Albemarle Knows Best – Comprehensive Plan Mission Creep

By.  Neil Williamson, President

Through the use of zoning, architectural design guidelines, regulations and overlay districts, local governments already control the size, appearance and type of activity conducted on any given parcel, now in Albemarle they want government to dictate when the market is ready for a permitted activity (see first bullet below).

Please let me explain.

One of the primary philosophical issues with government comprehensive planning is government comprehensive planning.  While state code mandates that all localities have such plans and they be updated every five years, the level of detail of these plans differs widely.

Albemarle County has been engaged in this comprehensive plan update for well over two years.  Late on Wednesday evening, the Albemarle County Board of Supervisors will hold a public hearing on the proposed Comprehensive Plan.  After the public hearing, they plan to hold future work sessions, where public comment may or may not be permitted prior to adoption of the plan.    We strongly encourage the Board to accept public comment prior to each of their work sessions.

The Free Enterprise Forum has been engaged in this effort since the beginning and continues to find significant issues.   Here are just a few:

  • In what can only be described as government overreach, page 7.34 outlines that Albemarle should only approve a permitted land use “when a significant unmet need can be established for this type of use”.  This concept is outlandish and fundamentally flawed.  While government can, and should, consider the impacts of uses on the larger community, the business decision of need or viability should be placed squarely with the landowner who is taking the risk.
  • In addition to being a planner employment act (calling for significant increase in planning staff), the comprehensive plan regularly fails to recognize property rights and the positive stewardship of private property owners.
  • Last year at the Planning Commission, we led the fight with Monticello and successfully got the “veiwshed” preservation regulations removed from the document.  Surprisingly despite that very public victory, the plan still calls for enabling legislation for new overlay powers designed for “scenic protection and tourist enhancement”.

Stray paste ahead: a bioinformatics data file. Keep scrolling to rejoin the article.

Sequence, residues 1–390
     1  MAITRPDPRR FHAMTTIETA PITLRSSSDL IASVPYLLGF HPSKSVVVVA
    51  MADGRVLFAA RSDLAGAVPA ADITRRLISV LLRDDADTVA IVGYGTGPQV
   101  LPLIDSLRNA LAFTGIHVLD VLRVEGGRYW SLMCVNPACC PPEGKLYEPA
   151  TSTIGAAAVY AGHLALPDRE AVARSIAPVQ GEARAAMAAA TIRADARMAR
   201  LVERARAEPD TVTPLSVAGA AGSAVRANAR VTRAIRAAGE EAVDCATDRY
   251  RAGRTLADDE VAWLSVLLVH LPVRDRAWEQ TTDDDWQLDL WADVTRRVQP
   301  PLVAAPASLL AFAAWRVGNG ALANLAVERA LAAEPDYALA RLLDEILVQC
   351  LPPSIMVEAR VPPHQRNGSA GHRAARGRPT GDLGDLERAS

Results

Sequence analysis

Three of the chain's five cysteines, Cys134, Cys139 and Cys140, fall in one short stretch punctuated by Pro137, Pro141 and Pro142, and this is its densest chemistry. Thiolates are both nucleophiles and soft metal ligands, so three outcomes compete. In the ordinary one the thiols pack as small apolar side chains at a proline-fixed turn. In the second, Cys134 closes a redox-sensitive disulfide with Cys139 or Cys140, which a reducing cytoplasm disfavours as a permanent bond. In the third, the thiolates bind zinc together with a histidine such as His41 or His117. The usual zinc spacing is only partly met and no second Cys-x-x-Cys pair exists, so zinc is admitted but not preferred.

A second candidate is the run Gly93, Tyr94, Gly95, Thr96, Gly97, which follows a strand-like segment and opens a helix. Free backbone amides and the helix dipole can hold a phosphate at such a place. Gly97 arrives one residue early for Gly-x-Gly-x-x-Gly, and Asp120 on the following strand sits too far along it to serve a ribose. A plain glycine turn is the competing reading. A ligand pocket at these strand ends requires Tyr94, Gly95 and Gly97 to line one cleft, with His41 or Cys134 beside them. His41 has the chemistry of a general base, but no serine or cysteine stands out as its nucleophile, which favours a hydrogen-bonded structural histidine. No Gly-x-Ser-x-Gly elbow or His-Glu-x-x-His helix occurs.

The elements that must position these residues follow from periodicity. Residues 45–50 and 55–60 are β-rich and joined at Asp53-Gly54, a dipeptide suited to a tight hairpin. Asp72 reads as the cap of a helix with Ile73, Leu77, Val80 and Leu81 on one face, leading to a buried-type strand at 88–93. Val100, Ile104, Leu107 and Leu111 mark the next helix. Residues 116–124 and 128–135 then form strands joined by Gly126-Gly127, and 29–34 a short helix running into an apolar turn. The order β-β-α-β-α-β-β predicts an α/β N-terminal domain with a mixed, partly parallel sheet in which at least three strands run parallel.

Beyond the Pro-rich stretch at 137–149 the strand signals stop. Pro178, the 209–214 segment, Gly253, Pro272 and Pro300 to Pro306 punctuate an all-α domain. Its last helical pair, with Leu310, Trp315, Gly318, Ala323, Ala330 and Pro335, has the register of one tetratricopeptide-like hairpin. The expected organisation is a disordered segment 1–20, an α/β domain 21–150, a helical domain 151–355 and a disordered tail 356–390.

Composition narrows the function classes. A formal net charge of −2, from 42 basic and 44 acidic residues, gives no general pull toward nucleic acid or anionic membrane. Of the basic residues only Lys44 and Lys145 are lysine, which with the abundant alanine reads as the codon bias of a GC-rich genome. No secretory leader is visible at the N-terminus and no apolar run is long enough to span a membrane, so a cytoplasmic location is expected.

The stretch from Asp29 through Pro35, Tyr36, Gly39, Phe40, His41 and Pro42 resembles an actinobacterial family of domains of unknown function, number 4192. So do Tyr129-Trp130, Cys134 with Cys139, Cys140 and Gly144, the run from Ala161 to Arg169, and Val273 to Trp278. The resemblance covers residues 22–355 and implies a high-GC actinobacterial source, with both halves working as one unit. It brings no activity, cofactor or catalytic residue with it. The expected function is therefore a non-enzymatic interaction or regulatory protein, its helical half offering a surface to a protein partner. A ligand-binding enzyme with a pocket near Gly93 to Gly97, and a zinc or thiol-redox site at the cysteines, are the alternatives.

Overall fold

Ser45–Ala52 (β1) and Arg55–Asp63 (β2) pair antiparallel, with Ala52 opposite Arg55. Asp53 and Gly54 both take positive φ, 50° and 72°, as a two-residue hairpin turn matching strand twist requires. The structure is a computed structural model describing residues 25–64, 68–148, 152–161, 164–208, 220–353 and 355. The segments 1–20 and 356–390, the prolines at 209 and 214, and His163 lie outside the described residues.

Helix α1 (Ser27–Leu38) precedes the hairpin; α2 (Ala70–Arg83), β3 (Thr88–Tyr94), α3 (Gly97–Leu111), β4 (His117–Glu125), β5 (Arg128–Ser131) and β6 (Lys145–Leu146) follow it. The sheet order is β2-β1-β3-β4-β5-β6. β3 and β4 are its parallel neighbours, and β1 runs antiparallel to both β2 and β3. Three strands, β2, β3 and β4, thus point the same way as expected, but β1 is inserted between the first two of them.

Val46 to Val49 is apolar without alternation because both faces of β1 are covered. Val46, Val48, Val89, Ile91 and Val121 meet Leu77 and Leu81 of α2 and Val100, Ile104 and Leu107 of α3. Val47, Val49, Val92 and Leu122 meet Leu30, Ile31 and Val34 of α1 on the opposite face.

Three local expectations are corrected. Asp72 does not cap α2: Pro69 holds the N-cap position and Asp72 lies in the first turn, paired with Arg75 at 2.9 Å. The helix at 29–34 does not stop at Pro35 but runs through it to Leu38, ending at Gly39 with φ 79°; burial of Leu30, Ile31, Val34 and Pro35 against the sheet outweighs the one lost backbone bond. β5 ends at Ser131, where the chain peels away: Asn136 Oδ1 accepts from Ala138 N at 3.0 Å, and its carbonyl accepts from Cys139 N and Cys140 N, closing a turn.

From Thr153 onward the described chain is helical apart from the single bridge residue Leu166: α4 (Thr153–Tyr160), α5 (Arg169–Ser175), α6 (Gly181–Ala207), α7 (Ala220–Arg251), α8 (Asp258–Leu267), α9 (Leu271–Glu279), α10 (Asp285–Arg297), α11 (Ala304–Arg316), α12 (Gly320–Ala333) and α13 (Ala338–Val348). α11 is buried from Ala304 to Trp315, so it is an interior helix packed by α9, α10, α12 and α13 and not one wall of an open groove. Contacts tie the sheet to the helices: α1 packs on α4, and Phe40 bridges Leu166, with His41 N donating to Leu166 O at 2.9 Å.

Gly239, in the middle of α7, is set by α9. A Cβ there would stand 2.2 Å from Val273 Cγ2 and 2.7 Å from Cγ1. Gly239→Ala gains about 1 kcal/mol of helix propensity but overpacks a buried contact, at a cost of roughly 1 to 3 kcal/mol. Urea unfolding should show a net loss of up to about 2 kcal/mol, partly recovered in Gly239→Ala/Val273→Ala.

• In the mid 200s, the community was engaged in a rancorous debate over property rights and mountaintop “protection” ordinance.  The ordinance effort failed yet is mentioned in the 2014 Comprehensive Plan no less than four times.
  • The transportation chapter cites a reduction in Vehicle Miles Traveled (VMT) as a goal.  This is nonsense.  The goal should be efficient and effective transport not a multimodal anti-mobility metric.  Conceptually, this misguided goal would be met if no one ever went anywhere.
  • The number one objective in the Economic Development chapter [the shortest chapter in the plan] is to “Ensure that economic development goals are supportive of the County’s Growth Management Policy and consistent with other Comprehensive Plan goals”.  This is a misplaced priority.  Objective 1 should be focused on making sure there is work for those who want to work.
  • Strategy 1d in the Economic Development chapter is “Encourage all businesses to adopt environmentally sustainable business practices”.  Such a strategy may be appropriate in another chapter but I am at a loss to understand how this will help economic development.  It seems like a “feel good” tack on that has no nexus to economic vitality.

With much of the community now focused on the Western Bypass public hearing next week, the Free Enterprise Forum anticipates few speakers on this critical five year philosophical planning document.  Absent significant public outcry, the Supervisors will choose not to review the plan chapter by chapter but to enact it with little or no changes.

Considering the perceived import of this plan if the BOS fails to fully vet the document, that’s planning to fail.

Respectfully Submitted,

Neil Williamson, President

clip_image0024.pngNeil Williamson is the President of the Free Enterprise Forum, a local government public policy organization located in Charlottesville.  www.freeenterpriseforum.org

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One response

  1. The part about county government getting to decide if a plan meets an “unmet need” is an invitation to cronyism. Existing business will lobby government to keep competitors out.

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